It’s amazing how quickly things change. Just weeks ago their gardens–front and back–were exploding with color. I missed the hydrangeas and roses in full bloom, but I managed to capture the Japanese magnolias and apple blossoms. I have yet to post the apple blossoms on the blog, but if you missed their gorgeous magnolia, click the link and take a look. They’re certainly a treat for the eyes and soul.
Wishing you a weekend full of color and light…
the water bowl balancing
on my thighs.
i soak the flowers.
they become words.
then i write.
nayirrah waheed, salt
I’ve had far too many words tangled inside my head and heart this year. The month-long meditation on flowers gave me permission to leave the [hard] words “unexpressed” and allow them to unravel and stretch naturally.
I have a summer of writing ahead of me, and having “soaked” for some time, the words are ready to flow.
Thanks to my friend Meli for allowing me a moment to “breathe” today and photograph the beautiful vase of flowers sitting on her desk. Hugs…
Spring is definitely here in Northern Alabama! I’ve been enjoying the buds and blossoms and looking forward to those that are on the way. I was on spring break when the Japanese magnolia on campus blossomed, so I completely missed opportunities to photograph the tree. However, when my cousins [who live nearby] posted a photo of a newly farmed patch of land on their property, I spied in the background the pink blossoms of the tree!
The magnolia was in no way the focus of the photograph, but those blossoms commanded my attention.
A few days earlier–while photographing the purple tulips–I remarked to a friend that I missed the magnolias this year. I can’t remember what prevented my pausing for a few shots [after dropping my son off at school]. Was it rainy weather or a desire [read: need] to spend all free time during the break sleeping?
The tree offered forgiveness for my neglect of its earlier splendid display, and I thanked it for a second chance to accept its beautiful gift.
This particular magnolia usually blooms in late winter–a much needed burst of color after the long, gray winter.
The tree is known by many names–Japanese Magnolia, Saucer Magnolia, Tulip Trees (which is what I first called them).
After I posted a photo on Instagram, a friend told me she had never seen the Japanese magnolia before, so I’m sharing a couple of links with a bit more information about the tree.
Spring’s explosion is short-lived, so be sure to take some time to notice the flowering trees. I’ll be back with more tree blossoms for our next #ThursdayTreeLove–if I can wait that long. 😉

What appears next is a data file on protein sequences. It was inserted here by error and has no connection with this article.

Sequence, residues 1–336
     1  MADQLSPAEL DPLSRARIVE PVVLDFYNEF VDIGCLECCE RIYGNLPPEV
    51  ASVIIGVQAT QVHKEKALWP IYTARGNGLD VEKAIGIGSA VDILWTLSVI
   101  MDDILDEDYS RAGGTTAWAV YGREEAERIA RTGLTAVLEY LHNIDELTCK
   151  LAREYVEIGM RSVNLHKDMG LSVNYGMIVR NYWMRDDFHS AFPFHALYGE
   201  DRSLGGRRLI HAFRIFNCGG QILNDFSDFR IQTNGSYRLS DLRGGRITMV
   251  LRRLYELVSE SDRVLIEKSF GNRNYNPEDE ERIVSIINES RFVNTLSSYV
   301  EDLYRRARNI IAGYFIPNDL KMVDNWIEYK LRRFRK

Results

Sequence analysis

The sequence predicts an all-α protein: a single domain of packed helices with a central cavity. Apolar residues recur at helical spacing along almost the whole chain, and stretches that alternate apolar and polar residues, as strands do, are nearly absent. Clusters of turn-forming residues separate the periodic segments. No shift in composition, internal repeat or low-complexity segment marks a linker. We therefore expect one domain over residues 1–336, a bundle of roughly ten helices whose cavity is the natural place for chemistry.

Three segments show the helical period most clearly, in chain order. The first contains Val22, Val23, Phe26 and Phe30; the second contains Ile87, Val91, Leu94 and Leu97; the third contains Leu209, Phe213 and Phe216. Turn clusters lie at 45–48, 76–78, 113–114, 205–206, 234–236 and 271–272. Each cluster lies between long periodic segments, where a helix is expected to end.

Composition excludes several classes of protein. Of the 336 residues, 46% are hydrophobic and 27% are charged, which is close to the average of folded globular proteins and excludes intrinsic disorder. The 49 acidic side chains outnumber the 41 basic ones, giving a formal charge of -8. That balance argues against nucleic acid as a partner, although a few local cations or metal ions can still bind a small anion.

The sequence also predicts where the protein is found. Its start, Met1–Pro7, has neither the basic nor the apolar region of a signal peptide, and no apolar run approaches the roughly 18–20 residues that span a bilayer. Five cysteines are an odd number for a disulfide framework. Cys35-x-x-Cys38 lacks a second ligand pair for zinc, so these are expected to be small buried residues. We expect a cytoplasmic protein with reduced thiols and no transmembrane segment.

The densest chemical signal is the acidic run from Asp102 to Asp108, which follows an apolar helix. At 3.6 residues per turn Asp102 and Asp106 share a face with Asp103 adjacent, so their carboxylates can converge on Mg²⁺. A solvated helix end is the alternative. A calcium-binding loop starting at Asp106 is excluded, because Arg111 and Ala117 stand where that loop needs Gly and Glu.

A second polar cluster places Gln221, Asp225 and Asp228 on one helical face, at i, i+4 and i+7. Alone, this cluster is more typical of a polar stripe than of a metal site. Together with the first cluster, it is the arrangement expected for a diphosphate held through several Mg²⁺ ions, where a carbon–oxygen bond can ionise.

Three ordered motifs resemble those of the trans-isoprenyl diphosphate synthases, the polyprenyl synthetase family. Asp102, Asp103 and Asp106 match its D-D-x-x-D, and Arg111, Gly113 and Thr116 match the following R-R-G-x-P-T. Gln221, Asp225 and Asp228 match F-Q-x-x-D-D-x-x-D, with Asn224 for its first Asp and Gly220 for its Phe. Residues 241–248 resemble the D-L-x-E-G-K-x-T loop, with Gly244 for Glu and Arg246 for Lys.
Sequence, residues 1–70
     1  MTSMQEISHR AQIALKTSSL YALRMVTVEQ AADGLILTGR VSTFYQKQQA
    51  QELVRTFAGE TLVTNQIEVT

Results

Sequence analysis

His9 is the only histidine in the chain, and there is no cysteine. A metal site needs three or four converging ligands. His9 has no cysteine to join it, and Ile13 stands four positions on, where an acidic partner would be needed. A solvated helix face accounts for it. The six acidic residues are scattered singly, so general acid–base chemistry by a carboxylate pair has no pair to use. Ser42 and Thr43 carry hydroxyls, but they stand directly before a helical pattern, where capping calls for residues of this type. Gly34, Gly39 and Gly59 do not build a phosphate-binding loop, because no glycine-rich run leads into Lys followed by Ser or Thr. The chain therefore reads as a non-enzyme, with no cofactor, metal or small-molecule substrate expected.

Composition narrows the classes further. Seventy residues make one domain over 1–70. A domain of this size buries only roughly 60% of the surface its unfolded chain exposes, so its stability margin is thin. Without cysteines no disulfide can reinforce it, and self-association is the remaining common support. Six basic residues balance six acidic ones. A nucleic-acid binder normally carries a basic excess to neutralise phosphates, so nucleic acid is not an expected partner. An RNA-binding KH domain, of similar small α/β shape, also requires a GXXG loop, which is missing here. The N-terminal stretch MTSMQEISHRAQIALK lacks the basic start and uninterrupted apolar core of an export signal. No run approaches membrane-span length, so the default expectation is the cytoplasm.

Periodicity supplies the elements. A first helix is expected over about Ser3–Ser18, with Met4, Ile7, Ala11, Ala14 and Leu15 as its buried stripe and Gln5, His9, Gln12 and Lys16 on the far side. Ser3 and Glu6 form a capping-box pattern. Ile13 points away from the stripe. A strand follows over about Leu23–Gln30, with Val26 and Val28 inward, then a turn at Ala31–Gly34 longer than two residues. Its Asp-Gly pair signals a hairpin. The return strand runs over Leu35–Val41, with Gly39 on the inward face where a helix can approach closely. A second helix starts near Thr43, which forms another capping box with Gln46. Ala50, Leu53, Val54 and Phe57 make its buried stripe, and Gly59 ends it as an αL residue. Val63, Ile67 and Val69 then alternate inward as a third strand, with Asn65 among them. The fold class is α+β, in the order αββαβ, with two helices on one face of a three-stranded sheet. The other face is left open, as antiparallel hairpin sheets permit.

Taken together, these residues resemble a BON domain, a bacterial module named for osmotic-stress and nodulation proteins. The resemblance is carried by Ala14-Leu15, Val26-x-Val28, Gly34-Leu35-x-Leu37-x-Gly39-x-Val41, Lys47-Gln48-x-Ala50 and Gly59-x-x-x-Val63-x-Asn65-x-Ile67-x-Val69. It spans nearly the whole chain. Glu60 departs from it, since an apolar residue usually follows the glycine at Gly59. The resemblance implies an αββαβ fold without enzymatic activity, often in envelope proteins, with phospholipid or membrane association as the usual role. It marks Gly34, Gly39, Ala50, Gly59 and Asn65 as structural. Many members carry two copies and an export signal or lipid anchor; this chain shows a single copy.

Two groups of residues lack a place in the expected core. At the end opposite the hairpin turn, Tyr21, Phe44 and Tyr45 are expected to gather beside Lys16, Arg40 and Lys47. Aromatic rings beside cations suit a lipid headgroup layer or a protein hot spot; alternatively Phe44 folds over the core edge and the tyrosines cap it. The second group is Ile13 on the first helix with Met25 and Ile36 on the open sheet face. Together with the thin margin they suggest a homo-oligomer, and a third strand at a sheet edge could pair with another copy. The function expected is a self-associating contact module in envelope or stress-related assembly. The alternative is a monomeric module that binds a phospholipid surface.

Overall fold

I am joining Parul Thakur for #ThursdayTreeLove every second and fourth Thursday of the month. If you would like to play along, post a picture of a tree on your blog and link it back to her latest #treelove post.
My Love Notes friend Andrea F stitched this pretty in pink pocket card in honor of my sister, Lori, but I received it in honor of both my sisters–Karlette and Lori–whom we lost to breast cancer. When I opened the envelope I thought of them immediately: Karlette’s love for pink and their mutual love for Christmas and pretty things.
If you’re used to seeing Christmas in only traditional ways, you might think the gently falling snowflakes that dominate the card are simply asterisks on a pink background. It is not until you open the card that you see…
…Christmas joy, a home overflowing with warmth and love, and a golden star-topped tree.
Add a bit of pink to your Christmas joy!
My penfriend Christine sent me the postcard above a couple of months ago. The photo of Bob Carey, “the burly, hairy-chested man in the pink tutu,” made me smile. I have been consumed with thoughts of cancer and how much I absolutely hate the disease. It is a heavy, heavy thing to deal with for the patients and those who know and love them. I needed to remember my smile, so I picked up the postcard again late last night when the house was quiet.
I love what “the man in the pink tutu” is doing to raise awareness and funds for breast cancer patients. I love how he manages to help us laugh in the midst of some of the hardest moments. He reminds us that there is still so much more to life, so much more to celebrate, so many reasons to dance.
Cancer has taught us that life is good. Dealing with it can be hard, and sometimes the very best thing—no, the only thing—we can do to face another day is to laugh at ourselves, and share a laugh with others. –Bob Carey
I’m going to dance in a pink tutu. Do you care to join me?